Categories: Cloud, DFF, QoS, SOA

Thursday, June 14, 2012


From a reliability perspective, SOA helps with isolating failures across components which are not communicating with each other (thanks to loose coupling, a failure of one service may not cascade to other services that do not have pending requests to it).

To go one step further and be robust against cascade of failures among services that interact with each others, a service must plan for the lack of or invalid responses from other services. This is Design For Failure (DFF).

Categories: DFF, SOA

Thursday, May 31, 2012


Service-Oriented Architecture and Event-Driven Architecture are not exclusive. They may be combined as follows:
- Services may emit events
- Events may be consumed by other services which perform some action upon such events
- These services may in turn emit events
- And so on and so forth.

Categories: SOA, EDA

OData and SQL

OData is a query language that may be used on top of REST services. Here is a basic mapping of the OData syntax with SQL notation:
   $select ~ select
   url ~ from table
   $expand ~ joins
   $filter ~ where

Categories: REST

Friday, May 25, 2012

SOA, Cloud and Legos - or Design for SOA to Design for the Cloud

Think of SOA as putting together independent building blocks as lego bricks, with matching provided and consumed interfaces. Think of the Cloud as some of these lego bricks having strings attached to the core app and being pulled to other environment. To design for the Cloud, design for SOA and separate deployment decisions from design. Deployment configurations may be pre-defined or on demand.

Categories: Cloud, SOA

Thursday, May 24, 2012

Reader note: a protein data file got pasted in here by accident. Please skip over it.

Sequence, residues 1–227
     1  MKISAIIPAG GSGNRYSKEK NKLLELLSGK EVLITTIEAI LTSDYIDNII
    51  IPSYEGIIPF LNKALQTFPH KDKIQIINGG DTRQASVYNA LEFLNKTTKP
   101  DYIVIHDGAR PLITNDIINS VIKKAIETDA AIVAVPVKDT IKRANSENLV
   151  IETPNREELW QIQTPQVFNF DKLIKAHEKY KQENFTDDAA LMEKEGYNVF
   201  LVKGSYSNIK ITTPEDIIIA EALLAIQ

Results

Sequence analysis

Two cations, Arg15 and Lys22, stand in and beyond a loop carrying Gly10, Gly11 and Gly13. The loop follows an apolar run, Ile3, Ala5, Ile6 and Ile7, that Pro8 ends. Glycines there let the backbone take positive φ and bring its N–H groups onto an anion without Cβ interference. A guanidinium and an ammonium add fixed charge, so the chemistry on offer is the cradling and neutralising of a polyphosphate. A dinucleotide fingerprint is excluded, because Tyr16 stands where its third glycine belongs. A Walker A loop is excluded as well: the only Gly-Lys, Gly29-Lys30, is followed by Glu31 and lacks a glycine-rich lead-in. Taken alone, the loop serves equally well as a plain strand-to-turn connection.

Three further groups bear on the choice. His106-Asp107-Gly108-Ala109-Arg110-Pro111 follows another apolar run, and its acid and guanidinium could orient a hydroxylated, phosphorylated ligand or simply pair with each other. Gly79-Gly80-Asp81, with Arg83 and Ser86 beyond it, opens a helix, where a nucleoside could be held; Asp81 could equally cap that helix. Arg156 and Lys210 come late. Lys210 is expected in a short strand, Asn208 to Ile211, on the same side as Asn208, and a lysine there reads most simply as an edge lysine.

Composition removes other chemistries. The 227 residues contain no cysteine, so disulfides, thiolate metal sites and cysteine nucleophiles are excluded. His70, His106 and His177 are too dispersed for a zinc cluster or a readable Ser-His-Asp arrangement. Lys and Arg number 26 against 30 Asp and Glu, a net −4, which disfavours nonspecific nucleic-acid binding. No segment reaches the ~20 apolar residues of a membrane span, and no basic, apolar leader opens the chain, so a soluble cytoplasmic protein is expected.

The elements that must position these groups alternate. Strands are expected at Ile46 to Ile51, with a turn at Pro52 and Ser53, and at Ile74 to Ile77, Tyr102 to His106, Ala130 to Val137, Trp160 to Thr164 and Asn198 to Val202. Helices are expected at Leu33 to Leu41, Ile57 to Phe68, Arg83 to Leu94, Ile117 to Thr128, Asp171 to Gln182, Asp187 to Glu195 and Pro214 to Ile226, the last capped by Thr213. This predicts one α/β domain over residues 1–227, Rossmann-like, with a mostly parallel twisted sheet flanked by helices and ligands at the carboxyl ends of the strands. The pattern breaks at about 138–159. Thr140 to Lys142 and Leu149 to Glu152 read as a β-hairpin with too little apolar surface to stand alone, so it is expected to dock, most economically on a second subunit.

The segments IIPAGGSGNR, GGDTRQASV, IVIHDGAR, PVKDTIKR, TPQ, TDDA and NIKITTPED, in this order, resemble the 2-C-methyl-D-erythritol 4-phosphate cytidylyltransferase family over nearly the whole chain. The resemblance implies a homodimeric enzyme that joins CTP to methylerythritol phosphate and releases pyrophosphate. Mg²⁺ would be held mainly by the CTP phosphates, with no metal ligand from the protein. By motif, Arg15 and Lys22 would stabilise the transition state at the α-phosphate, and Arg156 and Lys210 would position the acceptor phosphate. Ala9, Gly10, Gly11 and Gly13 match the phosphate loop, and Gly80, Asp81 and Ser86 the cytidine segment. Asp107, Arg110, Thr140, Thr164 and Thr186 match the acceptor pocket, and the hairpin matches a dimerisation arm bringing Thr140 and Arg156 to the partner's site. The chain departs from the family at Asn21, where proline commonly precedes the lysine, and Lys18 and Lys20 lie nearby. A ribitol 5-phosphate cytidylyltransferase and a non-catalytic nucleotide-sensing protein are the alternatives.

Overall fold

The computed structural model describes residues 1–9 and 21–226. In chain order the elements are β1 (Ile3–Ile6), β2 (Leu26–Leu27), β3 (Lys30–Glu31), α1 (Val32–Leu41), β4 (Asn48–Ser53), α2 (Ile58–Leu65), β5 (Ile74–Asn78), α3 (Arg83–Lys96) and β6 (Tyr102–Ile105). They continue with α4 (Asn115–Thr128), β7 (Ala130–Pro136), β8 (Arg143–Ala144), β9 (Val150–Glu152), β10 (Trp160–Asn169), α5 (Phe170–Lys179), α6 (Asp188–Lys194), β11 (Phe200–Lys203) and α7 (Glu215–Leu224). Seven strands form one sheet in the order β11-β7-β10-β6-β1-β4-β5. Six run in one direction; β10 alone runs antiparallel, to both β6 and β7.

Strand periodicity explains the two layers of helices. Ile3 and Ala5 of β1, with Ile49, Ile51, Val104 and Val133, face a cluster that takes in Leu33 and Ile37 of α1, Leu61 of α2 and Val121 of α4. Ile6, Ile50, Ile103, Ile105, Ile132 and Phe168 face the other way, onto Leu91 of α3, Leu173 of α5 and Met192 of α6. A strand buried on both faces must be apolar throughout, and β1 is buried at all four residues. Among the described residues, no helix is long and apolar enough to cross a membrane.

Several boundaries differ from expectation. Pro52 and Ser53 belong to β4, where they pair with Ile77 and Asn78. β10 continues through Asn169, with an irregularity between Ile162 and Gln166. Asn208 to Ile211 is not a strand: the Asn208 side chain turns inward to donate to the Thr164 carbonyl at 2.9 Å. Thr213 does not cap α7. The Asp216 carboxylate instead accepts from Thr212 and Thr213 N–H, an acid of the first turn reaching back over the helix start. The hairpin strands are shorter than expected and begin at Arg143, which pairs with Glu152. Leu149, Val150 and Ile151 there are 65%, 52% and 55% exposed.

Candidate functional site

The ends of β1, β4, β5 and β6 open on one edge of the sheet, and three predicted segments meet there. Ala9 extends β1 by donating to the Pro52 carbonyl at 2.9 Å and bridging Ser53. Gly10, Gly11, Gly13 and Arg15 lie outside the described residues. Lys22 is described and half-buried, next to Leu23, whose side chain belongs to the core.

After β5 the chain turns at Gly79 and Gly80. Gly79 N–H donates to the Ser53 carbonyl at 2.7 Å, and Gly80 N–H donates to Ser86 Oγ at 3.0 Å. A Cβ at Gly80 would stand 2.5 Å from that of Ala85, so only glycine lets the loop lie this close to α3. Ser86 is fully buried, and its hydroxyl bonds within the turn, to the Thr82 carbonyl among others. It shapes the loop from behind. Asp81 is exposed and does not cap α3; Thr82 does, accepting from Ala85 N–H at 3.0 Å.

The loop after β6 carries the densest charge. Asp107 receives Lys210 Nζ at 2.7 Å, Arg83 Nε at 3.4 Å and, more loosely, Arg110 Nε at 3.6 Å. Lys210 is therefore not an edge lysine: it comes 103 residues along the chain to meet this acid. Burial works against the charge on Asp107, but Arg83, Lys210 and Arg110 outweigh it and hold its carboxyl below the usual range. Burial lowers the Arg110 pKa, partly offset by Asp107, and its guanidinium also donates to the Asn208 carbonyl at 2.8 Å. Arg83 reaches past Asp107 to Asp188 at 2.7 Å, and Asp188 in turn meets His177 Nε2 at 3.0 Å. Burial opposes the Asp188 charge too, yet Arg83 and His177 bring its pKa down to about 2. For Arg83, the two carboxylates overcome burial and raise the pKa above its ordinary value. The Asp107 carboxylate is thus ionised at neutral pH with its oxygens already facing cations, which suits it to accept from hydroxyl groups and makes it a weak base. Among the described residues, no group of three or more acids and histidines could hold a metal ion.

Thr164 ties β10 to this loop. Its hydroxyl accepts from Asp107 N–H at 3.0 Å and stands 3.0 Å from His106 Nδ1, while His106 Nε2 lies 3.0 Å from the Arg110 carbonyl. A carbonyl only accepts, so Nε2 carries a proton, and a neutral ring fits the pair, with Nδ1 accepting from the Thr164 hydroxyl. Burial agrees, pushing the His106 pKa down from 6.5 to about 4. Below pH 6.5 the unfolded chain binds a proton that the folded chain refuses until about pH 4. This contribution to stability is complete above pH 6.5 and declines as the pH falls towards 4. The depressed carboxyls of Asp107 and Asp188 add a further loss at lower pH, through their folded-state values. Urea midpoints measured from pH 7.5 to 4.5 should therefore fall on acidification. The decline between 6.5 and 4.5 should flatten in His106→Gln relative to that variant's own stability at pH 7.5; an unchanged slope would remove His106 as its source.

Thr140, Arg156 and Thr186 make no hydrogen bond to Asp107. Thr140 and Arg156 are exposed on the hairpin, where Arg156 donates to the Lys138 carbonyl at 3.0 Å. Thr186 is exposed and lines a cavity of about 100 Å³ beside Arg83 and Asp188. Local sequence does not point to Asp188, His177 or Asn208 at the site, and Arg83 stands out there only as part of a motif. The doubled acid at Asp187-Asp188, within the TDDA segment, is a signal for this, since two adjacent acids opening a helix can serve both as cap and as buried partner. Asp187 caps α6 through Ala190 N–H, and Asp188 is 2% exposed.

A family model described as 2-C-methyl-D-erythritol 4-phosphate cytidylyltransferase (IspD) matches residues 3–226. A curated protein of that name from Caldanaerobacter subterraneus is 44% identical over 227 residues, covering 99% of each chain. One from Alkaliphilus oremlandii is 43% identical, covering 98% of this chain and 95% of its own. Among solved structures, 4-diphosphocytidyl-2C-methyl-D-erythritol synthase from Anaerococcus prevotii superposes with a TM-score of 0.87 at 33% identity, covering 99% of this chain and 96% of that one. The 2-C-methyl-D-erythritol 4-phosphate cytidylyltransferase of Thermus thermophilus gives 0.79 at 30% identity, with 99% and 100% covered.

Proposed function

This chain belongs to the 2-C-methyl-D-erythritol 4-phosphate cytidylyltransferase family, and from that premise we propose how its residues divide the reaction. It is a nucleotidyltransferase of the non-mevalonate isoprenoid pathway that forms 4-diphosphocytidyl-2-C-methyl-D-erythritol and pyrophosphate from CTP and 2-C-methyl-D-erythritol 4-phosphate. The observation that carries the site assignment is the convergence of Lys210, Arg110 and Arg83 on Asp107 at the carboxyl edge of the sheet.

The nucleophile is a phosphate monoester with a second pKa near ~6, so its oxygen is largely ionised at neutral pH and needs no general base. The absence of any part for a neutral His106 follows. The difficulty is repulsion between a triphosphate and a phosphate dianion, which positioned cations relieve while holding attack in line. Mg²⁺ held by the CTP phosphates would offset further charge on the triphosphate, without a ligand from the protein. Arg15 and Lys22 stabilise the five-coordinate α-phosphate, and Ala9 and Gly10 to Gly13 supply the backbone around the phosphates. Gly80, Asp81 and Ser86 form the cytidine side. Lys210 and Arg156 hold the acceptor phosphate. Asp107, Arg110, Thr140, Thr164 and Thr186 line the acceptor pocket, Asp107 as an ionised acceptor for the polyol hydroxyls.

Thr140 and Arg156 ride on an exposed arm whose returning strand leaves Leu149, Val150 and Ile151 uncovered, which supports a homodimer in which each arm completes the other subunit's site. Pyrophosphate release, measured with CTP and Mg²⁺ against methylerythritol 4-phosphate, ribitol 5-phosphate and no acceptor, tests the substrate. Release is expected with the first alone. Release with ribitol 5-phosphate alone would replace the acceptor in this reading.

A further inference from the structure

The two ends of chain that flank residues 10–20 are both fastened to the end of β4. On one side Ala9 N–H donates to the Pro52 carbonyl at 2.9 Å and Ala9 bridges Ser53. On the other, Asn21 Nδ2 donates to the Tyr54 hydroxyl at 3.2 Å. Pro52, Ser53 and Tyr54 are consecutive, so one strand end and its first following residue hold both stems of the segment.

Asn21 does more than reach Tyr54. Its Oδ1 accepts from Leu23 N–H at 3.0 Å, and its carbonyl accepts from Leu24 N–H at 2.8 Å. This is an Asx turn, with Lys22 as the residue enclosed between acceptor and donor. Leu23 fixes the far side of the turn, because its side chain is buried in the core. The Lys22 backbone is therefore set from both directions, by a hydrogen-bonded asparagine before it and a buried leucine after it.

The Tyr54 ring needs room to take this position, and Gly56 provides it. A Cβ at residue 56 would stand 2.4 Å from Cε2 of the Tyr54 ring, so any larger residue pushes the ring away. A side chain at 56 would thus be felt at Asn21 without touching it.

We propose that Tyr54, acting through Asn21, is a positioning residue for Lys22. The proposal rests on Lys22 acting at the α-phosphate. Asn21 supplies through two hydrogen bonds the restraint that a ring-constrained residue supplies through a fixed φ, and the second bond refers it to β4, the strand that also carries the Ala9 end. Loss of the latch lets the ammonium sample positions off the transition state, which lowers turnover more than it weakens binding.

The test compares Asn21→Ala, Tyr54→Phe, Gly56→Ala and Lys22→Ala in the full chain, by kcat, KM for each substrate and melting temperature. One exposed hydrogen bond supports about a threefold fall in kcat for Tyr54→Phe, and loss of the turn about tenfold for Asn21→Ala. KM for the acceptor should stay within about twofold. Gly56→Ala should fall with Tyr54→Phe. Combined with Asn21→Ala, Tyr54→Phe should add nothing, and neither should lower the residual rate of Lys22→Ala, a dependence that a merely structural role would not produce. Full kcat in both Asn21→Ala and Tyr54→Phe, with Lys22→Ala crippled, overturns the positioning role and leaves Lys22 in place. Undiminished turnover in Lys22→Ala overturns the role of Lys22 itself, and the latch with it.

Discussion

SOA and PubSub

People have the tendency to associate SOA with Request-Response and think it is exclusif of Publish-Subscribe. SOA is an architecture style and PubSub is a communication pattern. Hence they may well coexist.

However there is a semantics break when using PubSub compared to the more traditional use of Request-Reply in SOA. With Request-Reply, the consumer of the functionality or information provided by a service is also the client (caller) of the relevant service's operation. In PubSub, the consumer of the functionality/information behaves as a client when it subscribes to the provider but becomes a service itself when it consumes the information/functionality. This is because it is being called to be notified. And vice-versa for the functionality/information provider.

Categories: SOA, EDA

REST and Service Interfaces

Some believe that RESTful services may not have an associated interface definition as one would have with Web Services, e.g., through a WSDL. This is not true. A RESTful service also has operations and types. Typically when implemented over HTTP the RESTful service's operations are the HTTP verbs with CRUD semantics associated to them: Create for POST, Read for GET, Update for PUT and Delete for DELETE. Operation types may also be defined through a schema such as an XSD.

There is a direct mapping between a RESTful service operation call and an object-oriented function call, for instance between

       GET url?parameters -> response   and   response = url.GET(patameters).

Strong typing may hence also be enforced by the used language.

Categories: REST, SOA

Copyright © 2012-2017 Laurence Melloul